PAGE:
The relationship between vection, cybersickness and head movements elicited by illusory motion in virtual reality

Katharina Margareta Theresa Pöhlmann*, Julia Föcker, Patrick Dickinson, Adrian Parke, Louise O'Hare

*Corresponding author for this work

Research output: Contribution to journalArticlepeer-review

1 Citation (Scopus)


Cybersickness is an unpleasant side effect of Virtual Reality and is often detrimental to a user's experience. It shows a complex relationship to vection (illusory self-motion) as well as postural instability. Three experiments were conducted presenting both expanding and rotating colourful optimised Fraser Wilcox illusions as well as grey-scaled controlled versions of the illusions. Cybersickness and vection were reported and head movements in medio-lateral and anterior-posterior direction were recorded. The experiments found that perceived visual motion (illusory motion) is sufficient to elicit vection in the absence of any stimulated visual motion. The strength of motion perceived in the illusions was related to the experience of cybersickness and vection, with illusions that were perceived as moving more eliciting stronger experiences of both. Surprisingly, rotating illusions were continuously perceived as moving more compared to expanding motion illusions, which could be related to missing stereoscopic motion-in-depth cues. Head movements were unrelated to any stimuli properties, suggesting that the motion signal elicited by the illusions might not have been strong enough to cause postural instability. Finally, dizziness has been identified as the possible link between cybersickness, vection and head movements supporting sensory conflict as well postural instability theories of cybersickness.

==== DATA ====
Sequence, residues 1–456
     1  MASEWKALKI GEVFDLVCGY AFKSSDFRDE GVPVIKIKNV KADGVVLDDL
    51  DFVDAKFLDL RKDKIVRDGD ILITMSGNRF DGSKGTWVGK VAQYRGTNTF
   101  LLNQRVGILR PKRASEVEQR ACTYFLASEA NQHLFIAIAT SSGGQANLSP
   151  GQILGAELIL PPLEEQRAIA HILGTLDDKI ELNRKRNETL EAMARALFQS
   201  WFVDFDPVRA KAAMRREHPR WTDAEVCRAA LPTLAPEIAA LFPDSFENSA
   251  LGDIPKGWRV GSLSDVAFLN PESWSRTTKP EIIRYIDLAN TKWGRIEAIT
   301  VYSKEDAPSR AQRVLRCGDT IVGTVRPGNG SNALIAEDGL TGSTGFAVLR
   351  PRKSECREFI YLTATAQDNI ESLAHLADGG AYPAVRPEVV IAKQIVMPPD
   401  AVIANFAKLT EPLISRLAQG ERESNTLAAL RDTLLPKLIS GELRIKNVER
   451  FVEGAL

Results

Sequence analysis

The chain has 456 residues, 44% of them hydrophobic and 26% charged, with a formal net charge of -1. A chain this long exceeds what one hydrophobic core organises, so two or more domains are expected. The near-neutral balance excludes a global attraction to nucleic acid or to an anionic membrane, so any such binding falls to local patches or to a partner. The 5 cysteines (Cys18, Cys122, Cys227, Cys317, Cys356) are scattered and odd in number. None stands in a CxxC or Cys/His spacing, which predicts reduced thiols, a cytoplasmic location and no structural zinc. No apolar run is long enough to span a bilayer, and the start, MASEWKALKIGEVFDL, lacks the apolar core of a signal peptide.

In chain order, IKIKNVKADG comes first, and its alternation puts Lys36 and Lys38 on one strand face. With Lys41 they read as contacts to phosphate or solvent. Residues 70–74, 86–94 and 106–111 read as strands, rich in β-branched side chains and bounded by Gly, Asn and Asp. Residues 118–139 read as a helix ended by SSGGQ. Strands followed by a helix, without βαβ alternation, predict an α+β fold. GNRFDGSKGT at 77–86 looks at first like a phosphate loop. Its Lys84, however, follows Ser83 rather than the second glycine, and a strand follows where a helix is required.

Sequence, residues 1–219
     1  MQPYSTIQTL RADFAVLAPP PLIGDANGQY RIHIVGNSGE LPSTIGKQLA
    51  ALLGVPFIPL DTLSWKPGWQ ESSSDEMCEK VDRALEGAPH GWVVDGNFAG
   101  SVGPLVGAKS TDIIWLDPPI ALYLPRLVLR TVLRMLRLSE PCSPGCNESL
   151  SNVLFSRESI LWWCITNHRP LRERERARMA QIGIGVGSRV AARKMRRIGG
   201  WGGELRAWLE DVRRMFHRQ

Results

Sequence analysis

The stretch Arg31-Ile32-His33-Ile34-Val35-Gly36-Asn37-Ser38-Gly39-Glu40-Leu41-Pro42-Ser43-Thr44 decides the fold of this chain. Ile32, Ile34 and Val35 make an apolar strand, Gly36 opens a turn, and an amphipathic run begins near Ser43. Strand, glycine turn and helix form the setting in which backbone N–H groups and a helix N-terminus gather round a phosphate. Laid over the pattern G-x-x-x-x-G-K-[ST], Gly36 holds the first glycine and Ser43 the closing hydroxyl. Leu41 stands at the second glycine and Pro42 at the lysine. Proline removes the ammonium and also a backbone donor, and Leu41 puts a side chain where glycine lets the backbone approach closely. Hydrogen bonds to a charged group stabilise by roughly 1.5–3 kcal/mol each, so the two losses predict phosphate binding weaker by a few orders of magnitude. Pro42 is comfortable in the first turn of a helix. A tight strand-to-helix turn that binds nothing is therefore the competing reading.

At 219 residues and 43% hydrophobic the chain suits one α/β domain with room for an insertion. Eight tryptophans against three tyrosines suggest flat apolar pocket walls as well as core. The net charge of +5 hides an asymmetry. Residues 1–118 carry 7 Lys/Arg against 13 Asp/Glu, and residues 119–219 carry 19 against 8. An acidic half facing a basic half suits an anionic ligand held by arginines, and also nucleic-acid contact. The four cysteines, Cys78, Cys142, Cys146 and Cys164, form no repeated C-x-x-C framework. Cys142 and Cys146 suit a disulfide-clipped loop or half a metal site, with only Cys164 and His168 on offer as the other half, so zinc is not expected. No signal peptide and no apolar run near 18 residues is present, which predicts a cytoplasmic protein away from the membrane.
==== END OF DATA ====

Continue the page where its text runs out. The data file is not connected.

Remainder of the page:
Original languageEnglish
Article number102111
Number of pages21
Early online date9 Nov 2021
Publication statusPublished - 31 Jan 2022


  • cybersickness
  • discomfort
  • motion illusion
  • perception
  • vection
  • virtual reality


Dive into the research topics of 'The relationship between vection, cybersickness and head movements elicited by illusory motion in virtual reality'. Together they form a unique fingerprint.

Cite this